Fighting corruption
Many concerned citizens in India feel sad and demoralized that country's administration and public affairs have gone into the hands of corrupt people. They wonder as to what they can do to save the country from such corrupt forces.

Anna Hazare's anti-corruption call received such widespread and spontaneous support because it reflected the mood of the people and gave an opportunity to them to vent their anger and bitterness. Even though Anna Hazare's anti-corruption movement has lost its direction which is regrettable , the concerned countrymen should not lose hope. It is high time that a silent movement should be started to boycott the corrupt politicians and bureaucrats in a way similar to Gandhiji's movement to boycott foreign clothes.

Let not anyone invite those politicians and bureaucrats facing corruption cases in courts to any public functions or gatherings and the people should refrain from attending any gatherings where such corrupt people would be the invitees.

Educated people should give a lead and spread this message and certainly everyone including the people belonging to lower economic group who are much bigger sufferers of corrupt conditions, would follow suit. This can be a very effective and dignified as well as peaceful anti-corruption movement that is bound to spread very fast, given the mood of the people today.

Every citizen concered about corrupt conditions can take a lead at his own level, without looking for some one from somewhere to give a lead.

N S Venkataraman,
Nandini Voice for the Deprived

Manto Remembered
It was an excited occasion in JNU, when Nighat Patel Manto, Nuzhat Arshad Manto and Nusrat Jalal Manto-all three daughters of Saadat Hasan Manto, now all beyond sixty, came to JNU, where an event was organized to commemorate Manto's birth centenary by School of Languages, Literatures and Culture Studies (SLL&CS) of Jawaharlal Nehru University (JNU), New Delhi. Vice Chancellor of the University Prof S K Sopory was present to welcome the loveable guests of JNU.

Professor Chaman Lal from Centre of Indian Languages (SLL&CS), while underlining the importance of Manto, not only as just Urdu writer, rather the internationally renowned author from South Asia; spoke about Manto's early life spent in Punjab, mostly at Amritsar, referring to his story 'Tamasha' on Jallianwalabagh massacre of 1919, written from the eye of a seven years old child; incidentally Manto himself was just seven years old at the time of massacre of Jalianwalabagh took place in Amritsar and he was studying in Amritsar at that time. The story written much later, had deep humanist touch, which became the landmark of Manto's all writings later, which can be paraphrased by one of his dialogues in a story- it is not to say that a Hindu was killed in communal violence or a Muslim or Sikh was killed-it is to say that it is 'the human being 'who is killed in violence. Total corpus of Manto's literature is based on the theme of deep humanism and the tragedy of communal violence, related to partition of India in 1947. Out of 42 years of his life Manto lived for 35 years in undvided India and just seven years in Pakistan, but his writings are so much valued and loved in India that almost all Indian languages have his writings translated and particularly in Hindi, Urdu and English, there is huge literature available on Manto. One of the Hindi writers known for his writings on Manto, Narender Mohan presented his latest book 'Manto Zinda Hai' to Manto family. National Book Trust of India (NBT) also presented a set of its best Urdu publications to the members of Manto family on the occasion and JNU Vice Chancellor honored them with Mementoes of JNU. Speaking on the occasion Prof Sopory, who is a Scientist, said that he was impressed by Manto's writings and felt that there should be more close relations between the two neighbors, so that more such literary exchanges should take place.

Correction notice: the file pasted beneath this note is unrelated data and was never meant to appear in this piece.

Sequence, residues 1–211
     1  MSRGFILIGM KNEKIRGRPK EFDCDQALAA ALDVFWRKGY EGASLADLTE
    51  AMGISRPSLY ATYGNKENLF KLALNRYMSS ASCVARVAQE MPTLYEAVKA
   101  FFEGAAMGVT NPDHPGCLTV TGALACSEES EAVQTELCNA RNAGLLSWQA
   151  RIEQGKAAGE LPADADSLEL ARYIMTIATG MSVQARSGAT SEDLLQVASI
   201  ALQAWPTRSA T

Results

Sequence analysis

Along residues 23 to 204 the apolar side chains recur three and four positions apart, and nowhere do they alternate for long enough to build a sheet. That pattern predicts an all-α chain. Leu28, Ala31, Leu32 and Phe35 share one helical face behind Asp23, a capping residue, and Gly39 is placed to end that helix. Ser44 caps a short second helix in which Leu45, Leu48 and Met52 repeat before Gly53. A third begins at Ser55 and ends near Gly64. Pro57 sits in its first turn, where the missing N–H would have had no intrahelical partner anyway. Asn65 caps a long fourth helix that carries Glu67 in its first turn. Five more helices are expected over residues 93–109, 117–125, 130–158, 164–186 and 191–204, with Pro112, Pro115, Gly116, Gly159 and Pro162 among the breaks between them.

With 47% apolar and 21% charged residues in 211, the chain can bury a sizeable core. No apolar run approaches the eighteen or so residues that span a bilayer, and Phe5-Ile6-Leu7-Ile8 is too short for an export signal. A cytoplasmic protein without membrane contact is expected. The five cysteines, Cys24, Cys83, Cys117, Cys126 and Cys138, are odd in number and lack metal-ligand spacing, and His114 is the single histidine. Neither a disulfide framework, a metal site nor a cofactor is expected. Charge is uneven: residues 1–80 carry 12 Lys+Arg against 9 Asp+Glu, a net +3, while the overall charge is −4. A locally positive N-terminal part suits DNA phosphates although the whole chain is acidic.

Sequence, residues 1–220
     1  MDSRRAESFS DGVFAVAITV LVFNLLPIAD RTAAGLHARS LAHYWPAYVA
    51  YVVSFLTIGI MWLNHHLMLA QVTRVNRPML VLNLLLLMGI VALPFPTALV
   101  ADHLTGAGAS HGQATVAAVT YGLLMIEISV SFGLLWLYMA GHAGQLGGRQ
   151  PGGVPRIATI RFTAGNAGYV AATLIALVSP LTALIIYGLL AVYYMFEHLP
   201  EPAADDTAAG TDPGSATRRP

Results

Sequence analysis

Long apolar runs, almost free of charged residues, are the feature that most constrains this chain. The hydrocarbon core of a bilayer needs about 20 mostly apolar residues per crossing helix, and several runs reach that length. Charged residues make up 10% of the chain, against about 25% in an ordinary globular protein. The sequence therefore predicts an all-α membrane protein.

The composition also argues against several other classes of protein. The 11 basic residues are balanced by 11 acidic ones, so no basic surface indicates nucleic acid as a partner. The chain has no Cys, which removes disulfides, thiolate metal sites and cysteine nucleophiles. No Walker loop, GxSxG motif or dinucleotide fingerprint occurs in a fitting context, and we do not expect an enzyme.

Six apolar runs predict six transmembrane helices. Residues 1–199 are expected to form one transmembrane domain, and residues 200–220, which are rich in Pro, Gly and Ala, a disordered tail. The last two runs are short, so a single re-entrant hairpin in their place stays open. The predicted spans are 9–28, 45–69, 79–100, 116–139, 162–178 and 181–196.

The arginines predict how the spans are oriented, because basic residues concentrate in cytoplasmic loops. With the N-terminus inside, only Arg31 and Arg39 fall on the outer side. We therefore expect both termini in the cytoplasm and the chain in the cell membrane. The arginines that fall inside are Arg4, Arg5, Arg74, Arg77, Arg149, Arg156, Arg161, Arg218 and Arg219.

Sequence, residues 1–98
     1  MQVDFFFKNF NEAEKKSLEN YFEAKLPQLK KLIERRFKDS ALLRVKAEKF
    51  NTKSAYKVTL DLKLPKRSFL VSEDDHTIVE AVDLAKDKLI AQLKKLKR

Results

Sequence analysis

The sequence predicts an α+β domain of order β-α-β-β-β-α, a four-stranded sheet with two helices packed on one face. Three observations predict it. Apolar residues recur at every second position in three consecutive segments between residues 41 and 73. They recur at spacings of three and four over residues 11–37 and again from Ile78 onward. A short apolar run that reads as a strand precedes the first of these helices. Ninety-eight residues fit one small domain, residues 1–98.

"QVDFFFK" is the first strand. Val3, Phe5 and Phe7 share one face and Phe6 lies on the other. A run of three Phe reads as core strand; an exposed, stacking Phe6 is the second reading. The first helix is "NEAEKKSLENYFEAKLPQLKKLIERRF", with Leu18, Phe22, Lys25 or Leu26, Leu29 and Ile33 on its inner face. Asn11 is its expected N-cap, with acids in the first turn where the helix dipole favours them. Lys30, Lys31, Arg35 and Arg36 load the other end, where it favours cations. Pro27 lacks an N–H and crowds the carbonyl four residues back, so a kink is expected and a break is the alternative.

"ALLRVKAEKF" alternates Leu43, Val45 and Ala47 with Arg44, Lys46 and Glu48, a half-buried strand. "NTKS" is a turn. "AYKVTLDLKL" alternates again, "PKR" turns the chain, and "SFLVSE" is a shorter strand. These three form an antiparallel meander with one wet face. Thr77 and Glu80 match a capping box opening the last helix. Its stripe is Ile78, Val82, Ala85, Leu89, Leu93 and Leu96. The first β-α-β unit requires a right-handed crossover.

A Teacher, JNU

Vol. 45, No. 12, Sep 30 -Oct 6 2012

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